"Nor can I see potential for one to become psychologically dependent or addicted to sleep."
I believe someone can become "psychologically dependent on sleep".
I am 47 and have used sleep for 40 years to escape from life. I typically sleep 4-6 hours too much each day. I don't really physically need this sleep, since I then am often awake the next night for oversleeping that day, or I get a very strange tingling feeling in my body when I am forcing myself to sleep more and my body simply can't sleep any more. Also, I wake up after a normal 8hrs, feel like I can't face the day and force myself to go back to sleep with more breaks of waking up and forcing myself back to sleep for the next 4-5 hours.
My sleep gets in the way of living a full day and being productive. When I finish my day, I am frustrated that I lost so many hours to sleep.
I have tried everything for the last 25 years to address this. I have tried 7 years of psychotherapy, personal will power, all kinds of sleep and activity schedules, full physical examinations, talking with a sleep specialist, etc.
I always seem to eventually drift back into using sleep as a way of getting out of life.
I am generally an intelligent, capable person, have a college degree, reached a decent level professionally, travelled around the world, etc. I look like a normal person but the sleep problem makes functioning difficult.
I have had some childhood trauma, depression, anxiety which I have worked with extensively with psychotherapy.
Sleep feels like an addiction to me because
. I crave it several times a day and am looking forward to how I can sneak it in.
. I don't seem to be able to control it with will power for very long.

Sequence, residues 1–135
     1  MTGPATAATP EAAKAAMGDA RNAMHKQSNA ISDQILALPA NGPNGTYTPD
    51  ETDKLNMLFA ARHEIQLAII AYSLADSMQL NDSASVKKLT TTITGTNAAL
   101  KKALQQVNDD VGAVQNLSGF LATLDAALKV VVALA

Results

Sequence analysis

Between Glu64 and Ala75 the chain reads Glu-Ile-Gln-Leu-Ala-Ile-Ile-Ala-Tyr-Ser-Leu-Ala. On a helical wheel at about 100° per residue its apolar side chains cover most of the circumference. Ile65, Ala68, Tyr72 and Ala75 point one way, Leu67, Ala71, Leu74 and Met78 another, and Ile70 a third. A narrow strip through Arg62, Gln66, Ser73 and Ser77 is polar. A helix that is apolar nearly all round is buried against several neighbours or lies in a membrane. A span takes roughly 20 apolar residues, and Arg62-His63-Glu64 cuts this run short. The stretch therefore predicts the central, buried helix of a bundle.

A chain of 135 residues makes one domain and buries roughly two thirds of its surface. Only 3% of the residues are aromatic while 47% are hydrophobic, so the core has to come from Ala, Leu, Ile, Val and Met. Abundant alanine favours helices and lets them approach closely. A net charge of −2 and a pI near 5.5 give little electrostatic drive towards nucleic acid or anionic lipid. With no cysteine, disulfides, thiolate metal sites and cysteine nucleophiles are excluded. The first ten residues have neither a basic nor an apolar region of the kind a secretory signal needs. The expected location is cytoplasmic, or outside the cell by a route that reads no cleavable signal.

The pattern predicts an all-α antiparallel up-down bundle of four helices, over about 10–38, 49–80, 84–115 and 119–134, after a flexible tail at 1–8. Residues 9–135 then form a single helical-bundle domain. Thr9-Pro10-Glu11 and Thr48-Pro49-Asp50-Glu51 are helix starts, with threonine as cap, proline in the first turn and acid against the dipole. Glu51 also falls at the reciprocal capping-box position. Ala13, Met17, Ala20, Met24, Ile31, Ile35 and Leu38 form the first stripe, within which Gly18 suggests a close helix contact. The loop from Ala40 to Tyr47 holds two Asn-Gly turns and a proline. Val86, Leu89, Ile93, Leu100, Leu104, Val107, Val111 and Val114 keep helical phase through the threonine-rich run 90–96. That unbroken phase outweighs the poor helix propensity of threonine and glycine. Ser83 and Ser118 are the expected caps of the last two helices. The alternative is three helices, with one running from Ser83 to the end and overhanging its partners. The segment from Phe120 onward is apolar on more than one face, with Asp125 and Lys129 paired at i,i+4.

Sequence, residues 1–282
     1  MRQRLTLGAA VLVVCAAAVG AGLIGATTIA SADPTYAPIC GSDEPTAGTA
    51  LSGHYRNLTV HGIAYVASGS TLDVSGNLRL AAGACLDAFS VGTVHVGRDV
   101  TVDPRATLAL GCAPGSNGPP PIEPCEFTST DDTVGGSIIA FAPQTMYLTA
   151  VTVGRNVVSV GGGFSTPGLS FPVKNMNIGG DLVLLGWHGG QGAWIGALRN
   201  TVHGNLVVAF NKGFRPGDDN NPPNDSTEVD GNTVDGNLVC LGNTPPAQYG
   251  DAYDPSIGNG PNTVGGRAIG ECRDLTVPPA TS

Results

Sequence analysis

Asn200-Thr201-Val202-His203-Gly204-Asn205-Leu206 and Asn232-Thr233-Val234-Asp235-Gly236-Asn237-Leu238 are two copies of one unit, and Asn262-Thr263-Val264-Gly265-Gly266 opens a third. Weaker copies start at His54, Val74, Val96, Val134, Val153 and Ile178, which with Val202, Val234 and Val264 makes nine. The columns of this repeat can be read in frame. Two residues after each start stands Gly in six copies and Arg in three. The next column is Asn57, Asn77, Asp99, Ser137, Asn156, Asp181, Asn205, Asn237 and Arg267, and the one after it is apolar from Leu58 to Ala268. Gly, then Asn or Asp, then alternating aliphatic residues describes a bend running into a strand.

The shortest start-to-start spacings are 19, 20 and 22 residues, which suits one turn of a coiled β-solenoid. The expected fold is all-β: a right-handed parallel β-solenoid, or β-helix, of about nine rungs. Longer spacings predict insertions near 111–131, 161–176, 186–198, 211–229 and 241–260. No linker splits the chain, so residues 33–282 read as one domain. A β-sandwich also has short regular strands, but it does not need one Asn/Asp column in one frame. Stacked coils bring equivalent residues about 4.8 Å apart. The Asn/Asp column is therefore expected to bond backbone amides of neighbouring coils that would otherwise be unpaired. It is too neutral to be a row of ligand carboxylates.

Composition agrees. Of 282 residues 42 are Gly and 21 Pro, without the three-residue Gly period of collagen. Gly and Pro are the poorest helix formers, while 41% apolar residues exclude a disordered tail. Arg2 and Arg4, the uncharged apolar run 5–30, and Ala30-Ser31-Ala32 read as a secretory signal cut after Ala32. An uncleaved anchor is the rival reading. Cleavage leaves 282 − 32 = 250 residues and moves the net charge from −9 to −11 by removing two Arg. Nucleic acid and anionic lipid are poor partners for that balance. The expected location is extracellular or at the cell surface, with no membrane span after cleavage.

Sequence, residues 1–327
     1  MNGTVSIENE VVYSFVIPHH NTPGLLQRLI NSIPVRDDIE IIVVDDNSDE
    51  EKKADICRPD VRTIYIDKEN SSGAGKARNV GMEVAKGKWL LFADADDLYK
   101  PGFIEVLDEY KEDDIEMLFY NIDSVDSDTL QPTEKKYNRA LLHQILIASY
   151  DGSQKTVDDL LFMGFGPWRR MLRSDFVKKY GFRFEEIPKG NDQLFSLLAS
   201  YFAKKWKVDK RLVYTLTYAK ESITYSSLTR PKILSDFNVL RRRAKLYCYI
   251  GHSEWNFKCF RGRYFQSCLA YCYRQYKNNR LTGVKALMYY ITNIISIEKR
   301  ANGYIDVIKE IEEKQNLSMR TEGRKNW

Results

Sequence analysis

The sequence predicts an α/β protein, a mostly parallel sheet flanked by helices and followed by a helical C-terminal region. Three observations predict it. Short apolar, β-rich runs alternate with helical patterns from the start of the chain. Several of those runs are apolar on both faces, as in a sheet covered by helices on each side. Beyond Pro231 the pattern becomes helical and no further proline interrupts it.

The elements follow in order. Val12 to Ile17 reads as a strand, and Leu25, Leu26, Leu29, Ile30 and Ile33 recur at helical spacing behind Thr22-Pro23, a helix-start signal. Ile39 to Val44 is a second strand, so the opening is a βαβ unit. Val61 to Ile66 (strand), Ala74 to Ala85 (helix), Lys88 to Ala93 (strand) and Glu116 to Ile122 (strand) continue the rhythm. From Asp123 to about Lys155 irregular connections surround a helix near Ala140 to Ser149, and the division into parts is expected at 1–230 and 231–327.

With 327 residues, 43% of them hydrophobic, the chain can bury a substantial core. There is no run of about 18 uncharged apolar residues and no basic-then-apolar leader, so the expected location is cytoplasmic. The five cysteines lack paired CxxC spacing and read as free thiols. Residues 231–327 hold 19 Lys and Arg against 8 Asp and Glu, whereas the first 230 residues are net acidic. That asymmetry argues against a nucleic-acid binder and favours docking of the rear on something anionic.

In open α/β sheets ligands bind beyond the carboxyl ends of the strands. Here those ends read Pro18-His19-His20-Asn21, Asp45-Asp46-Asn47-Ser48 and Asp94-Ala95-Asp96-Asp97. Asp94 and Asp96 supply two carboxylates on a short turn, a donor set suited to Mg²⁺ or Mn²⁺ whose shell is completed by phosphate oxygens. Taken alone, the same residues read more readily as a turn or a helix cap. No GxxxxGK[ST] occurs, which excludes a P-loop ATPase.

. If I have a successful period, I seem to always eventually slip back into it.
. I only have short periods when this isn't a problem.
. When I am under stress it is at it's worse.
. If I have any free or unstructured time, I can't control how much I sleep excessively.
. When my time is heavily scheduled, I really struggle with keeping a full schedule and crave the time off when I can sleep for hours.
. If I know I'll have a few hours in between activities free, I will find ways to sneak in some sleep.
. I am embarrassed about this, don't tell the people around me the extent of the problems and devise ways to sneak in sleep without people knowing.
. If I am anxious, I use sleep as a way to reboot my system, calm myself down or get another perspective.
. After I have chosen excessive sleep over being up, I struggle with self-recriminations about how much of my life I have wasted, how I didn't accomplish the things I wanted, why it was not good for me, how most of my day was gone, etc.
The upside is my addition only hurts me.
For me, sleep addiction (and perhaps food addiction for others) are different than gambling, alcohol, smoking, drugs. Sleep is something you must do each day to live. I have no problem with total abstinence of things that aren't good for me (like drugs, etc). However, I really struggle day after day with getting up out of sleep.
I have researched this and I have not found any studies on "sleep addiction". However, in medical sleep science journals and among a few psychiatric journals there are recent studies on "delayed sleep phase syndrome" and "non- 24 hour sleep phase syndrome", whereby people who appear to sleep excessively simply have a malfunction of how melantonin is secreted in the system (perhaps due to the recent advent of the electric lightbulb) and do not sleep when most humans sleep. Studies are showing that a much larger percentage of the population unknowingly struggle with this disorder in isolation all their lives. This is turning out to be the be the biggest sleep disorder affecting the most number of people, even above insomnia and apnea. This is very little understood and has only been discovered and documented in science journals since 1981. DSPS is a recognized disability in the government disability system.
It seems that there is a huge gulf between the studies and expertise of medical sleep science and that of psychology/psychiatric studies on the sleep difficulties and the use of excessive sleep as a psychological coping mechanism.